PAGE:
Three tenets of infection control

Feb. 1, 2004
Infection surveillance, control, and prevention has been integrated into many programs. needed to ensure a successful infection control program.

Charles John Palenik, MS, PhD

Infection surveillance, control, and prevention has been integrated into many programs. However, only limited information exists concerning the exact materials and administrative elements needed to ensure a successful infection control program. What critical functions need to be undertaken? How will responsibilities be assigned? And how shall we judge success?

In 1998, the Society for Healthcare Epidemiology of America (SHEA) established three principal goals for infection control and prevention programs:

• Protect the patient;

• Protect healthcare workers, visitors, and others in the healthcare environment;

• Accomplish the previous two goals in a cost-effective manner, whenever possible.

For patients, the ultimate value of infection control programs is measured by avoidance of or decreases in morbidity associated with health care. Primary to this goal is routine use of sterile instruments chairside. Use of sterile anesthetic materials is also essential. Some items are single use and disposable. Use of potable water during routine treatment and sterile water for surgical procedures also helps to protect the patient. Practices need to identify engineering and work-practice controls that increase patient safety. There are many examples of effective safety and health programs. While there have been reports of clustered outbreaks among patients where infection controls were lacking, such episodes are very rare today in dental practices.

Dental practice workers must also be protected. Successful employee infection control programs contain personnel health elements. These include employee education and training; an immunization program (especially concerning hepatitis B); a written and rehearsed postexposure program; a written policy on workplace injuries, illnesses, and work restrictions; and employee medical records. Proper hand hygiene protects everyone, as does the use of personal protective equipment such as masks, gloves, protective eyewear, face shields, and clothing. Selection and proper use of safer sharps is also protective.

Regular exposure to patient body fluids during dental treatment has associated elements of risk. However, the chances of acquiring infection occupationally can be markedly decreased through a successful employee safety and health program.

Infection control measures should be both effective and efficient. Cross infections have legal ramifications and can impact the practice's position in the local community. Programs that prevent the spread of disease to patients from practitioners, other patients, and the environment provide important cost savings to the practice. Similarly, maintenance of employee health and well being, avoidance of disease-related absences, and prevention of claims of unsafe working conditions are important safety and health goals.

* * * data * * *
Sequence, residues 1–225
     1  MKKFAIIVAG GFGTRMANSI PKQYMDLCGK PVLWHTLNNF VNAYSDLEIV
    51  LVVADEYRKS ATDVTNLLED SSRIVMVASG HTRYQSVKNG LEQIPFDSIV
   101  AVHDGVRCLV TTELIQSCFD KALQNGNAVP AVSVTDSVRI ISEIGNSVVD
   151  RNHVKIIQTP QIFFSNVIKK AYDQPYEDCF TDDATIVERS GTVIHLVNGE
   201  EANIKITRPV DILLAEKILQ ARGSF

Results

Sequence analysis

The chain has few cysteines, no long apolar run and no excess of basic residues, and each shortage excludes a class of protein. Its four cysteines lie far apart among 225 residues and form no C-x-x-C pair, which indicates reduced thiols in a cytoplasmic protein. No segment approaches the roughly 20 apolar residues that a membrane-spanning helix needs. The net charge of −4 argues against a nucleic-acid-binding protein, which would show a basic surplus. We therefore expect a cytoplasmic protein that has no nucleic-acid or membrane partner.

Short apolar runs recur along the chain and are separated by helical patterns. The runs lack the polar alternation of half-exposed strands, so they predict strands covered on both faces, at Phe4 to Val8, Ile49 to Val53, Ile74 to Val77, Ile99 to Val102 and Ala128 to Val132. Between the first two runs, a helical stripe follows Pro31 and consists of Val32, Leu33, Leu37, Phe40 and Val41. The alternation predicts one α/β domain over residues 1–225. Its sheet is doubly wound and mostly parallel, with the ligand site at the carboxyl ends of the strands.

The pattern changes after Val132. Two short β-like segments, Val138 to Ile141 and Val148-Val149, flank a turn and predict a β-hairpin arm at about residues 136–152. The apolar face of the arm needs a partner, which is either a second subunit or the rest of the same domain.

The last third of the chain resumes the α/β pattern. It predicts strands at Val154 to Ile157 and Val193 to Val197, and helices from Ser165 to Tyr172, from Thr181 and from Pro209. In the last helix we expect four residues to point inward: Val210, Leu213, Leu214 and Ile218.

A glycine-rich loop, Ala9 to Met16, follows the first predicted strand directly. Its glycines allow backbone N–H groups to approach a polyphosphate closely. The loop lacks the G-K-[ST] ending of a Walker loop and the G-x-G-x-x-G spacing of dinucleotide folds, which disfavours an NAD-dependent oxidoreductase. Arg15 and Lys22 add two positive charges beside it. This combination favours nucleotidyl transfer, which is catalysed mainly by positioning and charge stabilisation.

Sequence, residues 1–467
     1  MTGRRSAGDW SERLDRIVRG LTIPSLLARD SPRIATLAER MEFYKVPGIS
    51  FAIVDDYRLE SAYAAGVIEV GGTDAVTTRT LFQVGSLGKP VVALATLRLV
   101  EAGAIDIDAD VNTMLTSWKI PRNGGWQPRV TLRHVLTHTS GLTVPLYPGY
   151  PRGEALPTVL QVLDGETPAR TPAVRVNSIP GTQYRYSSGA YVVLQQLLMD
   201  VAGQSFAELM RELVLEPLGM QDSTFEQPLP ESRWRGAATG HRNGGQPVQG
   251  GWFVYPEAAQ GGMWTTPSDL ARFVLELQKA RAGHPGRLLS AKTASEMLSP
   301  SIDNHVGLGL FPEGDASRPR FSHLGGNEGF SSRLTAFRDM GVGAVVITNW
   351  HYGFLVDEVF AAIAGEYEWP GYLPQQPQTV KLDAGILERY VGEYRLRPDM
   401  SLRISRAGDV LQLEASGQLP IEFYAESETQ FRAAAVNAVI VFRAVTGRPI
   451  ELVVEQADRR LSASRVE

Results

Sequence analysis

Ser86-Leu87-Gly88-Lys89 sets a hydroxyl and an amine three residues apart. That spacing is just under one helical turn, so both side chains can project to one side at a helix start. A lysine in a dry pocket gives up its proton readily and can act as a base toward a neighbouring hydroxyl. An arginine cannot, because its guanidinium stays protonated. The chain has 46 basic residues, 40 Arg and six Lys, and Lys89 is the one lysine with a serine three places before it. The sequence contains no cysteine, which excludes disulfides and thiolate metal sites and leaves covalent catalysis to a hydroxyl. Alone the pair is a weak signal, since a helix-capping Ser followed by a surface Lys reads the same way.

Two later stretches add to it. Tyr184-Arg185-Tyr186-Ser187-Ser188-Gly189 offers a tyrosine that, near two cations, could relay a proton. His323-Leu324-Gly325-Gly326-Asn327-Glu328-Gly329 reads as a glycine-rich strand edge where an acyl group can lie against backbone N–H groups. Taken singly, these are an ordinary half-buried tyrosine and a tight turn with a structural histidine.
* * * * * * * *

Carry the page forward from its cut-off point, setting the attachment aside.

Both processes and products can prevent the spread of disease. All must be carefully examined and applied. There also are nonmonetary outcomes. Examples include patient and practitioner satisfaction, ethical and legal issues, and reputation enhancement within the community.

The success of an infection control program can be defined by its effectiveness in achieving its goals. The goals of the program are designed to limit or prevent disease transmission during dental treatment. Each dental practice needs to develop specific objectives and outcomes to determine if its infection control goals have been achieved. These include:

• Measuring the effectiveness of procedures, policies or programs to protect dental patients;

• Measuring the effectiveness of procedures, policies or programs to protect dental practitioners; and,

• Determining the cost-effectiveness of these activities.

OSAP ( is the leading source for infection control and human safety and health information in dentistry. Several tenets of OSAP's current strategic plan apply directly to the infection control goals identified by SHEA. These include: 1) Increasing access to information for dental patients; 2) Increasing information and education in infection control and health and safety in dental healthcare settings worldwide; 3) Supporting development of products, devices, and services founded on the best available scientific and evidence-based information, and 4) Actively participating in the development of standards and guidelines.

Dr. Charles John Palenik is an assistant director of Infection Control Research and Services at the Indiana University School of Dentistry. Dr. Palenik has authored numerous articles, book chapters, and monographs. He is the co-author of the popular Infection Control and Management of Hazardous Materials for the Dental Team. He serves on the Executive Board of OSAP, dentistry's resource for infection control and safety.Questions about this article or any infection-control issue may be directed to [email protected].

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